Direction of Country/Personal Financial Situation
Fifty-six percent of residents think that things in the nation are headed in the right direction, while 40percent think things have gotten off on the wrong track.When asked about their current financial situations, 41 percent say they are about the same as they were ayear ago; 34 percent say they are better; and 24 percent say they are worse.Looking ahead a year from now, half of residents expects their financial situations to get better. Elevenpercent think their financial situation will get worse, while 31 percent expect things to stay about thesame.
State Spending and Taxes
Respondents were asked whether they thought the state spends “too little,” “too much,” or “about theright about” on certain priorities.Percent saying state is spending “too little” on:Public schools (65)Healthcare (44)Community colleges (44)Environment and natural resources (41)Public safety (38)Four-year colleges and universities (38)Transportation (33)Marylanders were also asked about how much different groups were paying in state taxes. Only 5 percentof Maryland residents said that middle-income people were paying “too little,” while 60 percent said thathigher-income people were paying “too little.”Percent saying group is paying “too little” in state taxes:Large businesses and corporations (65)Higher-income people (60)Lower-income people (17)Small businesses (7)Middle-income people (5)
 
 Press Contact Information
Dr. Mileah KromerDirector, Sarah T. Hughes Field Politics Centermileah.kromer@goucher.edu Cell: 724-840-0990
 
Kristen PinheiroDirector, Media Relationskristen.pinheiro@goucher.edu Office: 410-337-6316
About the Goucher Poll
The Goucher Poll is conducted under the auspices of the Sarah T. Hughes Field Politics Center,which is housed in the Department of Political Science and International Relations at GoucherCollege. Directed by Mileah Kromer, Ph.D., the Goucher Poll conducts surveys on public policy,economic, and social issues in Maryland.Goucher College supports the Goucher Poll as part of its mission to instill in its students a senseof community where discourse is valued and practiced. The Goucher Poll is fully funded by theSarah T. Hughes Field Politics Center endowment and does not take additional funding fromoutside sources.The Goucher Poll seeks to improve public discourse in the state by providing neutral andnonbiased information on citizen perceptions and opinions. The data collected by the GoucherPoll is used to support faculty and student research.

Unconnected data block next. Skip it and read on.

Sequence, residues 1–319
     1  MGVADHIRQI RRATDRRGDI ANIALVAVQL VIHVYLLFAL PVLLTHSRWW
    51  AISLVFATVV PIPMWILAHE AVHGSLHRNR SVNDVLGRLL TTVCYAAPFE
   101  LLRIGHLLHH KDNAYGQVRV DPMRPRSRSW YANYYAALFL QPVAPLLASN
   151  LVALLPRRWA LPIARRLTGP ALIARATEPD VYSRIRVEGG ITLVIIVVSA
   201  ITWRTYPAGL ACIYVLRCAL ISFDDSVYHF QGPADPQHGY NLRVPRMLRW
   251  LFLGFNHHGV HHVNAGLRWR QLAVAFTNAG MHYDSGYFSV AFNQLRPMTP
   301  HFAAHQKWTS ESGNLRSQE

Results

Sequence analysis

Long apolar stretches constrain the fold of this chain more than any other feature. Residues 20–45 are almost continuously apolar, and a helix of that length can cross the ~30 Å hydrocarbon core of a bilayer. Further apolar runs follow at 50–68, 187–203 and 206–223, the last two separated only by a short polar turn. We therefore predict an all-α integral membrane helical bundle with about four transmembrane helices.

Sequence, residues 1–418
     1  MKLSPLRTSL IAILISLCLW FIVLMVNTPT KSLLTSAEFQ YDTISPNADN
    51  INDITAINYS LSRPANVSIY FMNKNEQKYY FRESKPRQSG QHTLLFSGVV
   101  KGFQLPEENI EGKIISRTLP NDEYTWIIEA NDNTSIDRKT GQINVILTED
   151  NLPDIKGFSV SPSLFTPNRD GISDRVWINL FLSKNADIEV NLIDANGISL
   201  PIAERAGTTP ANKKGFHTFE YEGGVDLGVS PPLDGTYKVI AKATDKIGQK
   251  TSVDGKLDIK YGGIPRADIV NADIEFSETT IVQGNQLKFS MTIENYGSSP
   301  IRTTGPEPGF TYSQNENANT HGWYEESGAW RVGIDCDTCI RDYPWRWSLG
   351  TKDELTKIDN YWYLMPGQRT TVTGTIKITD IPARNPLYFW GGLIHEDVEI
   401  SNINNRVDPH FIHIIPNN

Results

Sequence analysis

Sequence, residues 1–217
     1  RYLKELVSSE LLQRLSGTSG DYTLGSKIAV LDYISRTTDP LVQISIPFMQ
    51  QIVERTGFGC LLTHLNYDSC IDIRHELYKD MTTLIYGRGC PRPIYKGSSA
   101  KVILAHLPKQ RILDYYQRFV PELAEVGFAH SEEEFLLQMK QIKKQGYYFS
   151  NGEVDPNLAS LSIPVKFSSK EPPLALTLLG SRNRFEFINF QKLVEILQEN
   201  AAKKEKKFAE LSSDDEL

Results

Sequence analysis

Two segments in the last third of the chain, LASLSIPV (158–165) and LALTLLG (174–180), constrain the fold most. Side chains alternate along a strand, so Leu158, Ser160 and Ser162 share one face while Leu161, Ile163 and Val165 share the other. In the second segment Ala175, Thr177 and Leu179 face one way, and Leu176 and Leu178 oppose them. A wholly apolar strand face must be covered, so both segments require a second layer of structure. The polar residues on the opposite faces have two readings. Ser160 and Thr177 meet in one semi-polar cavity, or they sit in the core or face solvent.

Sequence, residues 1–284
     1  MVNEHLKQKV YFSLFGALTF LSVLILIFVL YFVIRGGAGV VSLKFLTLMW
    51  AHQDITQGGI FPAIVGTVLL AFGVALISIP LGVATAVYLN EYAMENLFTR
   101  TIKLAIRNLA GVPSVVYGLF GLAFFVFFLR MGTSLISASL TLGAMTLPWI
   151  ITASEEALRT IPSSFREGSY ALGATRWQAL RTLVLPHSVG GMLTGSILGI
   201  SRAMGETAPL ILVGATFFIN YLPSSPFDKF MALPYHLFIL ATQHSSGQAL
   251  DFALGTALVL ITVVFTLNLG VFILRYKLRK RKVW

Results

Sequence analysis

Survey Methodology
To ensure all Maryland citizens are represented, the Goucher Poll is conducted using randomdigit dialing (RDD) of a stratified random sample using landline and cellular telephone numbers.The sample of telephone numbers for the survey is obtained from Survey Sampling International,LLC (http://www.surveysampling.com/ ).The survey was conducted
Sunday, October 21, through Thursday, October 25, 2012
.During this time, interviews were conducted from 1 to 6 p.m. on Sunday and from 5 to 9 p.m. onMonday through Thursday. The Goucher Poll uses Voxco Computer Assisted TelephoneInterviewing (CATI) software to administer its surveys. Interviews are conducted by a staff of professionally trained, paid student interviewers.Interviewers attempted to reach respondents with working phone numbers a maximum of fivetimes. Only Maryland adults—residents aged 18 years or older—were eligible to participate.